4.3 Enhanced algorithm

In this part we introduce three further extensions of the basic algorithm described in the previous section. First, we address the support for the detection of other network events, i.e., superspreaders and network traffic changes. Second, we provide an optimization that accelerates the trie building process, thus improving the reactiveness of our solution.

Superspreaders detection. As introduced in section 3.1, a superspreader is defined to be a host that contacts at least a given number of distinct destinations over a short time period. Thus, to enable such a detection, it is important to keep track of the number of destinations contacted by each source prefix. To address this challenge we used a standard Bloom filter [7], which is a memory-efficient probabilistic data structure commonly used to test for set membership. Specifically, we deployed the filter in parallel to the main memory to test if a packet belongs to a new unique flow or not. The key to index the filter consists of the source IP prefix looked up during LPM classification phase and destination IP address of the packet. The control logic to dynamically adjust the hierarchical structure is kept the same as in the basic algorithm, however, a test-and-set operation on the filter is performed for each incoming packet and the appropriate node counters are updated only if a new unique flow is detected. This change to the architecture allows the detection of (hierarchical) superspreaders using the Elastic Trie data structure. Moreover, the Bloom filter can be easily implemented in P4 as a bit array placed in a register and a set of hash functions.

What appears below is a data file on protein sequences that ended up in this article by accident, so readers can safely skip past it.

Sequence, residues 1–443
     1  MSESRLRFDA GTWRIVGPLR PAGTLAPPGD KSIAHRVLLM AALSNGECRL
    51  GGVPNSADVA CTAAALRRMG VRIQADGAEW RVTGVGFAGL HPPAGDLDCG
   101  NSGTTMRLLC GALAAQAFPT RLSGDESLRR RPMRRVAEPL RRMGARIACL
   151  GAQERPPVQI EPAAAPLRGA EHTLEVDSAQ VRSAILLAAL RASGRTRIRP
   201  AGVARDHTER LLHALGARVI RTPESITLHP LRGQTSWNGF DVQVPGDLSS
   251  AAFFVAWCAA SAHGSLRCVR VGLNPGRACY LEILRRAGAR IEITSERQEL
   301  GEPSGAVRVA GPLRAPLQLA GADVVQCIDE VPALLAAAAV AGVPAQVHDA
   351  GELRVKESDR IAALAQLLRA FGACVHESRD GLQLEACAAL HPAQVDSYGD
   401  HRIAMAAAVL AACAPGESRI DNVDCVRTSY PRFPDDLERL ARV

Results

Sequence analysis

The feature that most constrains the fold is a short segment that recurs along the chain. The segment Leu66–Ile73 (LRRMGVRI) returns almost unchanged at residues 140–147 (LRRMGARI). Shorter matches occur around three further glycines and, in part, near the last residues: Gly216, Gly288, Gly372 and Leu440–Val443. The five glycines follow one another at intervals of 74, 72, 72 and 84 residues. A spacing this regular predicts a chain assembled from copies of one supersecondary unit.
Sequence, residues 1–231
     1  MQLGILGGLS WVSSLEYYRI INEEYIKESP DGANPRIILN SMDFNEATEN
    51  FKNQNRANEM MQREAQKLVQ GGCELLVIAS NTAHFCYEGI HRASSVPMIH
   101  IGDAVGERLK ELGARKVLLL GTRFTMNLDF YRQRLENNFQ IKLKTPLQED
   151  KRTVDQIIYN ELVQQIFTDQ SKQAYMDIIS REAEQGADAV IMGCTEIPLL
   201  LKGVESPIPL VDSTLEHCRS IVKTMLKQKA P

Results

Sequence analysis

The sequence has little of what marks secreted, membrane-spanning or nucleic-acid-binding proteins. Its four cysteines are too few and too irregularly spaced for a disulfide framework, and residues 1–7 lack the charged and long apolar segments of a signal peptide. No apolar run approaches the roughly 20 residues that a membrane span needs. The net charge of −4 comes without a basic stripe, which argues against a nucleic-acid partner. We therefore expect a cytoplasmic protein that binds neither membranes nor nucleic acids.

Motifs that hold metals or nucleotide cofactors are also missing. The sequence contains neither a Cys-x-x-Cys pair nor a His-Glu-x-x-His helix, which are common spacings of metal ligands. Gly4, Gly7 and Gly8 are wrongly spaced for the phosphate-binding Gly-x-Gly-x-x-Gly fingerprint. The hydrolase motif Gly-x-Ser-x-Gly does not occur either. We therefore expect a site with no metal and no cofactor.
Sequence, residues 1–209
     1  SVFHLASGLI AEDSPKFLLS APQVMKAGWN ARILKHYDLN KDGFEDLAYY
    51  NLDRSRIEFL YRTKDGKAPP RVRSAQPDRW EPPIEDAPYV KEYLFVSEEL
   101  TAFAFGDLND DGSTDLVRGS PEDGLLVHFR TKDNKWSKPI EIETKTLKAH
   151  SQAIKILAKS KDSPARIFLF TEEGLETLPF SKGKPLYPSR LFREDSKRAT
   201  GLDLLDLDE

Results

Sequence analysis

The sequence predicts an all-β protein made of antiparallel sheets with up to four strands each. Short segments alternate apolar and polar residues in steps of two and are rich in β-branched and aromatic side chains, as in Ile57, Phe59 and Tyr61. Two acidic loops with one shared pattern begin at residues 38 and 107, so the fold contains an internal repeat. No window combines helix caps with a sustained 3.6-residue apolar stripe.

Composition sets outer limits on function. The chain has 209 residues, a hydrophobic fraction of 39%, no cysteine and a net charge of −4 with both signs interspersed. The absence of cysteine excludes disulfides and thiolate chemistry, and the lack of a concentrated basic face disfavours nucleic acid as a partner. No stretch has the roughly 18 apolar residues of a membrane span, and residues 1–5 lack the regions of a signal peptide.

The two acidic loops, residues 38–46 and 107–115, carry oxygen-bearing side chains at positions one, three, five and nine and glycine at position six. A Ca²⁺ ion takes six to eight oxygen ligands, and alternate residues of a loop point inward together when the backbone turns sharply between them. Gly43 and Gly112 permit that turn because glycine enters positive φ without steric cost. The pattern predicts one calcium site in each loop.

Change detection. The common way to detect changes in the traffic patterns is based on deriving a model of normal behavior based on the past traffic history and looking for significant changes in short-term behavior that are inconsistent with the model itself. One of the desired properties for Elastic Trie was to be historical network trend aware (Section 3). Indeed, by tracking the number of nodes expanded or collapsed over an active timeout interval , it is possible to spot sudden changes. To enable such a detection, we added a global timestamp register and an integer counter which is incremented and decremented when any node of the tree is expanded or collapsed, respectively. When the traffic is steady, the number of nodes expanded and collapsed should be similar and the value of the counter should vary around zero. Otherwise, if the value of the counter is above or below a specified threshold, it denotes a significant change in short-term traffic behavior which is reported to the controller using a digest message.